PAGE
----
(Host) Vermont Supreme Court Chief Justice Paul Reiber says the state needs to make sure it has the resources to run an effective judicial system. In remarks to the Senate Judiciary Committee, Reiber said that’s one of the biggest challenges facing the court. The committee is holding hearings to considering the nomination of the chief justice.
VPR’s Bob Kinzel reports.
(Reiber) “Hi I’m Paul Reiber, good morning.”
(Kinzel) Chief Justice Paul Reiber got a very warm reception as he entered the Senate Judiciary committee room. It was just over a year ago that the committee reviewed Reiber’s appointment to the court as an associate justice. Four of the panel’s six members were well acquainted with Reiber’s legal resume and his general judicial philosophy.
In the middle of November, Governor Jim Douglas nominated Reiber to replace former Chief Justice Jeffery Amestoy who resigned from court. Reiber says he wants to work with the Legislature and the governor to make certain that the state’s judicial system is responding to the legal needs of the state in a time of limited resources:
(Reiber) “This is not a problem that’s going to go away. I think this is our lot and our job and the goal I’ve got, I guess, is to make sure that we are meting out those resources – not only in the most efficient way but in the best way for purposes of transporting legal services to the people of this state. So I guess I’m a work in progress.”
(Kinzel) Part of the state’s prison overcrowding problem is due to a large number of people who are being held in pre-trial detention. Currently, about 375 people are incarcerated for this reason. Reiber told the committee that there are usually good reasons why judges don’t release these individuals and that the cases often involve alcohol or drug abuse:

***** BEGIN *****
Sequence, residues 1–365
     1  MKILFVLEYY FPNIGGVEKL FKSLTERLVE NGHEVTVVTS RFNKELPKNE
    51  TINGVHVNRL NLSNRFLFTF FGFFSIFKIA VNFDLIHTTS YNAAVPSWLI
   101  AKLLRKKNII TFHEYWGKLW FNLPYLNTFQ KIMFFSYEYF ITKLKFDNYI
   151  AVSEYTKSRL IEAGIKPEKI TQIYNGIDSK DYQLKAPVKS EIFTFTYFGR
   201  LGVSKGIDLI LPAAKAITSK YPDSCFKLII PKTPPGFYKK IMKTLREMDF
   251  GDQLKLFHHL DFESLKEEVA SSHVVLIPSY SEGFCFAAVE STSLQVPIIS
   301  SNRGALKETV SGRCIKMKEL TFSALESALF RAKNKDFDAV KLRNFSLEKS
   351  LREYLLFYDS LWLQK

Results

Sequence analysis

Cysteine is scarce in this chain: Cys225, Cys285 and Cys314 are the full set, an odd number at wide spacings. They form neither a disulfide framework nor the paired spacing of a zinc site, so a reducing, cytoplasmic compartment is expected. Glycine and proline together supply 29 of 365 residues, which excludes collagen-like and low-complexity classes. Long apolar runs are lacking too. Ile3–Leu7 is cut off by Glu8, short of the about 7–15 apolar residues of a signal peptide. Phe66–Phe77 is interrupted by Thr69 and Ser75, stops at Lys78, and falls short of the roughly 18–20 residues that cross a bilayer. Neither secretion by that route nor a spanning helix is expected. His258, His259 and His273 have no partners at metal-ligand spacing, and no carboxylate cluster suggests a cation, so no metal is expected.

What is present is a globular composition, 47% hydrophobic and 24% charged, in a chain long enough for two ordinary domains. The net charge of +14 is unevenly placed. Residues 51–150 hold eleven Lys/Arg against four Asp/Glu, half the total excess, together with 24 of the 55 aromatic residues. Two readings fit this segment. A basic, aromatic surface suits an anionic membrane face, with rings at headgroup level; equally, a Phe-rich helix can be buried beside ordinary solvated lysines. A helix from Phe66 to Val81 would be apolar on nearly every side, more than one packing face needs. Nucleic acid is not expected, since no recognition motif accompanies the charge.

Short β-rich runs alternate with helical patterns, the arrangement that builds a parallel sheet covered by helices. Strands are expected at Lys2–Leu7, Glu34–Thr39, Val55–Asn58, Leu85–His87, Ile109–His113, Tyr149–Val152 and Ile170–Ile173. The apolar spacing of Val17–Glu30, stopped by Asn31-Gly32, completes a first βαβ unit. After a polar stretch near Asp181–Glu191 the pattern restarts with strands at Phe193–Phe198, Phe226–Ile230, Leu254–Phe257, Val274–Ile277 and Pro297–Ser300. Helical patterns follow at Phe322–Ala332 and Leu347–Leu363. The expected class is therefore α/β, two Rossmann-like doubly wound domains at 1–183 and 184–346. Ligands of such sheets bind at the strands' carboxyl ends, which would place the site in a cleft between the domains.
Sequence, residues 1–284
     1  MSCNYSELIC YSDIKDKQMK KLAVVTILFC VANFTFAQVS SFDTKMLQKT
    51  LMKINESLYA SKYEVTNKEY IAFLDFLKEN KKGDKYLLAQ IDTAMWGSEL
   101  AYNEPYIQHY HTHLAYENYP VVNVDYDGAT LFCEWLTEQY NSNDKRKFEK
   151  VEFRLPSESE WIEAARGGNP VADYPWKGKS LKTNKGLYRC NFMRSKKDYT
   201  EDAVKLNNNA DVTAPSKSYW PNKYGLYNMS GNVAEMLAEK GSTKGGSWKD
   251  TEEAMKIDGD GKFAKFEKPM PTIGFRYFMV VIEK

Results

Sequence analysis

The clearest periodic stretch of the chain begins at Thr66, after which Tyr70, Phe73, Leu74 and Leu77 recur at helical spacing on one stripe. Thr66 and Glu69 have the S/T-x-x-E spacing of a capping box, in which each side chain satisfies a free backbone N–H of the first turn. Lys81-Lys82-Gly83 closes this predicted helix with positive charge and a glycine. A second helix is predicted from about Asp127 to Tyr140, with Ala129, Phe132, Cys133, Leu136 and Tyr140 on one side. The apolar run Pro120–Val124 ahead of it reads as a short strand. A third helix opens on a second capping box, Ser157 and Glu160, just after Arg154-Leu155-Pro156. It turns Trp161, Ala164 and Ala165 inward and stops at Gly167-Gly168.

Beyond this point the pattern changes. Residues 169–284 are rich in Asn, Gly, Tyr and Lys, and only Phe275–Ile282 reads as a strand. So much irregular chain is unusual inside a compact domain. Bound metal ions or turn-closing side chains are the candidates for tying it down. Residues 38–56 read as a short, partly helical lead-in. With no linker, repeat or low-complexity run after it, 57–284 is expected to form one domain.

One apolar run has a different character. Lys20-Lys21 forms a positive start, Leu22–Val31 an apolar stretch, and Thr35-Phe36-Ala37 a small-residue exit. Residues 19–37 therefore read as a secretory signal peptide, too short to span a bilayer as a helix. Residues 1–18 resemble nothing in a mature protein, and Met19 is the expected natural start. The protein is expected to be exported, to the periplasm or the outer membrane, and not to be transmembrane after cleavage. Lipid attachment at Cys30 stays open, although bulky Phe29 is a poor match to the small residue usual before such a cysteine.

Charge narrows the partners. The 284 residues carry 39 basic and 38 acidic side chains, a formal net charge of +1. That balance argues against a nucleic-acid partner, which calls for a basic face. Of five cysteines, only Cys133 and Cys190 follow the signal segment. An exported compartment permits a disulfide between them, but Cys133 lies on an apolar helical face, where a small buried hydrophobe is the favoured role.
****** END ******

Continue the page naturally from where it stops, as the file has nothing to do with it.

(Reiber) “The judge, whoever it is, feels that they have no choice but to try to precipitate some sort of treatment mechanism that is introduced into this individual’s life. The only way that these judges have seen to do that is through the corrections system by holding them in detention or by at least isolating them so that they aren’t a potential harm to themselves or anybody else.”
(Kinzel) Committee Chairman Dick Sears expects that his panel will confirm Reiber’s nomination in the near future:
(Sears) “I think he’s a good candidate. I think that he’s very different from Chief Justice Amestoy, in terms of vision in terms of the way he approaches the job. That doesn’t mean he won’t do an excellent job over the next six years. These are challenging times and perhaps it does call for somebody with a more careful and moderate approach to the bench.”
(Kinzel) Reiber’s nomination could come before the full senate in the next two weeks.
For Vermont Public Radio, I’m Bob Kinzel in Montpelier.